(STAR) By Delon Porcalla - [Photo is loading... President Aquino and Indonesian President Susilo Bambang Yudhoyono share the stage with cultural dancers after a performance at the presidential palace in Jakarta, Indonesia the other night.]

From being a darling of the press during the presidential campaign, President Aquino now has to deal with a less friendly media that he thinks tend to gloss over his administration’s achievements.

“We have 28 newspapers in Metro Manila alone. And each one of them compete on a daily basis to find the most negative headline,” Aquino told the Filipino community here at the Grand Hyatt Hotel.

Aquino won the presidency in May last year mainly on an anti-corruption platform. The nine-year administration of his predecessor, now Pampanga Rep. Gloria Macapagal-Arroyo, had been fraught with corruption scandals.

The 51-year-old bachelor Chief Executive told the Filipino community that bad news has lorded it over the front pages of newspapers while positive news is buried in the inside pages. He said his personal life – especially his romantic pursuits – seemed to be more important to the media than his achievements as the nation’s leader.

“Check this out. I’ve announced many good developments, but my love life gets more attention,” he said, drawing laughter from the audience.

“Once I begged them to explain why they’re picking on my love life, instead of talking about my achievements,” he said.

He, however, acknowledged media’s role in making the people closer to the government.

“We’d also like to seek your help in spreading the good news,” he said.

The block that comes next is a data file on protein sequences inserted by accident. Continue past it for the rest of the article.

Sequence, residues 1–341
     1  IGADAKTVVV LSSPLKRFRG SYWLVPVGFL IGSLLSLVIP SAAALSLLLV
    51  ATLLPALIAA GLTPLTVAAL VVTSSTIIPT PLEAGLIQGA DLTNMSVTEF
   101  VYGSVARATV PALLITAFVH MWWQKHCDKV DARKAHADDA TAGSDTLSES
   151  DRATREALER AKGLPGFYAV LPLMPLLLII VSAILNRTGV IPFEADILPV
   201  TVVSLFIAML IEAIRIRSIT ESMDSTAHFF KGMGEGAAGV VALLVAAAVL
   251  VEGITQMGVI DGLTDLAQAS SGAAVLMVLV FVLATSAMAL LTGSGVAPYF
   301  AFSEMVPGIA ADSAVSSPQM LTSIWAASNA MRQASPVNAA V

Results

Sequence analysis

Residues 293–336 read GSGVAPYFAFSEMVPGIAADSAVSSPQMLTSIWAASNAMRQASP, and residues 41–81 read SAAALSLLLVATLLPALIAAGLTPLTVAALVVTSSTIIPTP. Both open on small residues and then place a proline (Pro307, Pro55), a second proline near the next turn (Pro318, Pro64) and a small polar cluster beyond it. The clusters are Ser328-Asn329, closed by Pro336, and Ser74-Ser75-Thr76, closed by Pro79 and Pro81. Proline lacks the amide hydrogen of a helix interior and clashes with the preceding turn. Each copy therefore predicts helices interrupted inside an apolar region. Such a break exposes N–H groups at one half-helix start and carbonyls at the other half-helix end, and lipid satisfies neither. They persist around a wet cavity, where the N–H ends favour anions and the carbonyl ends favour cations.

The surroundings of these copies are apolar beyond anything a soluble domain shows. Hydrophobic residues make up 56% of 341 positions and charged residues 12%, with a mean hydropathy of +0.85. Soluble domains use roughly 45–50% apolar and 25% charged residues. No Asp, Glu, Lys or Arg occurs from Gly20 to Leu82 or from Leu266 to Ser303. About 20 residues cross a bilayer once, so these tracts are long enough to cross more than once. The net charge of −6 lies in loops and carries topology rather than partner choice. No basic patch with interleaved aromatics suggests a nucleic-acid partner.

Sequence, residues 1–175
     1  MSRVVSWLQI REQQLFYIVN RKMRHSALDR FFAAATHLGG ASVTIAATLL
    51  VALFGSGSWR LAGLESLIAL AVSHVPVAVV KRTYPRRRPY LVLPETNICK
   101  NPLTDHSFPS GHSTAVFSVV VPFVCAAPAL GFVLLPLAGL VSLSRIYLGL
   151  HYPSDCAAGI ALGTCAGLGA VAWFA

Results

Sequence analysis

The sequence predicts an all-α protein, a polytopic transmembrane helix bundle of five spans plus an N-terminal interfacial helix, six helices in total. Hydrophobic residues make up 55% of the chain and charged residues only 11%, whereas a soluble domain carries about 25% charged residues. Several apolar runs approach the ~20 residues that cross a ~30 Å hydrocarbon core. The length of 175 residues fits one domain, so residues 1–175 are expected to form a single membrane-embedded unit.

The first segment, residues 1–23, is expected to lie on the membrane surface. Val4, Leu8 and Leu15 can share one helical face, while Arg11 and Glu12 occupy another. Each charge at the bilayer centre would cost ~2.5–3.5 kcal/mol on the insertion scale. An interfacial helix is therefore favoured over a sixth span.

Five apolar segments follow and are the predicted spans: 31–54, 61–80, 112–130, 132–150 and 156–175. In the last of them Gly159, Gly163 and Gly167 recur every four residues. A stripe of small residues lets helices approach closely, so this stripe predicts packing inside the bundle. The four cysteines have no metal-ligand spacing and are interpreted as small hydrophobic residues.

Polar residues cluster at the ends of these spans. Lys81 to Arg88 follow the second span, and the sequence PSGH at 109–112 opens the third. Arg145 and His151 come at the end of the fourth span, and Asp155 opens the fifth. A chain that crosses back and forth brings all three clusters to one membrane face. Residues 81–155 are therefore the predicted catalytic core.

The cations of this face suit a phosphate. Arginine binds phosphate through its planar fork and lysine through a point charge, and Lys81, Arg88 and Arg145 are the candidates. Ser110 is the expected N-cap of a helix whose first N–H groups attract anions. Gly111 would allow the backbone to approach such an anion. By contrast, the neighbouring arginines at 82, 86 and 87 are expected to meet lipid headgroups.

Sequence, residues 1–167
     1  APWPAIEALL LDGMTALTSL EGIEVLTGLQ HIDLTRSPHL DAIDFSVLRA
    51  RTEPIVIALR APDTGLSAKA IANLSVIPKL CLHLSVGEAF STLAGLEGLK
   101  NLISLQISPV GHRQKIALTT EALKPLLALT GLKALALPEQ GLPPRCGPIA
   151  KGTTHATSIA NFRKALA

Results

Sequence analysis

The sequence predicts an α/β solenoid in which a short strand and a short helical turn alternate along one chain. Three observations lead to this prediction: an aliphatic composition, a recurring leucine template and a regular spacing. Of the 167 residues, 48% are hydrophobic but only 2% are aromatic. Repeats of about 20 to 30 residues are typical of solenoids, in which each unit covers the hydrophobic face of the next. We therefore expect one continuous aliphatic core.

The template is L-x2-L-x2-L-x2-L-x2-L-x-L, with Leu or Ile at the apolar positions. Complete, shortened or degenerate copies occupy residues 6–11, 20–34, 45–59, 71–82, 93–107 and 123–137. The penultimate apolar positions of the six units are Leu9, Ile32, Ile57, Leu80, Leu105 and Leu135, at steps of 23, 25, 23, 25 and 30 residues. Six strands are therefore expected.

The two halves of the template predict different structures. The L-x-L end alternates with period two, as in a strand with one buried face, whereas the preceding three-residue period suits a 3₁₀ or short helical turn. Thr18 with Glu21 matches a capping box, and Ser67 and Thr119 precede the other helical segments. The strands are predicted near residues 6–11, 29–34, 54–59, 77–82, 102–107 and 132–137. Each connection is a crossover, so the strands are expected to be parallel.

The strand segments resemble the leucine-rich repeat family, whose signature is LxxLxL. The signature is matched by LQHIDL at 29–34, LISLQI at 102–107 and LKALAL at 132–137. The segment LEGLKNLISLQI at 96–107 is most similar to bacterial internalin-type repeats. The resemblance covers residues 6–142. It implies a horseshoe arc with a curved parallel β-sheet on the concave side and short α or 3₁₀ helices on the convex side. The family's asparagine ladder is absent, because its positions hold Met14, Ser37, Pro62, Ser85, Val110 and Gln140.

“No matter what the problem is, it’s just a matter of time, a question of time before it is solved. And I tend to look more and more at each problem as an opportunity that can be and will be exploited for the benefit of everybody,” Aquino asserted.

“So, five years and three months... At that point in time, I want the Filipino people to be so used to good governance, so used to attaining the rightful place of people that whoever replaces me has to commit to continue what we have all done,” he added.

“Then I can probably say I can retire. I will leave something definitely better than what I found and I can face anybody, especially the next generation, and tell them the least that we did was to make sure you did not have to handle the same problems we did,” he said.

Part of the problem, he said, was the controlled media during the time of the late dictator Ferdinand Marcos, whose 20-year authoritarian regime ended in February 1986 in a people power revolt that catapulted his mother, the late Cory Aquino, to the presidency.

“The problem during my mom’s time, she became president after martial law. Martial law, you had a controlled media. After martial law, with the promise of EDSA, the regaining of freedom, freedom of the press became a reality once again,” he recalled.

“And people who were so suppressed for 14 years suddenly found freedom that they found it too intoxicating,” Aquino said.

Mar tags along with Noy to Indonesia, Singapore By Aurea Calica (The Philippine Star) Updated March 09, 2011 12:00 AM

MANILA, Philippines - Malacañang said yesterday that former Sen. Manuel Roxas II joined President Aquino’ state visits to Indonesia and Singapore as a “private adviser.”

Roxas also said in an interview before boarding the Cebu Pacific flight to Jakarta on Monday night that he was not listed in the official delegation because he would be there in a private capacity.

Roxas, whom the President said would be appointed as “chief troubleshooter,” also became controversial when he joined Aquino’s trip to New York in September.

Presidential spokesperson Edwin Lacierda said the President had been consulting Roxas as a senior adviser. He said Roxas’ presence in Aquino’s functions was already a start to his being chief troubleshooter.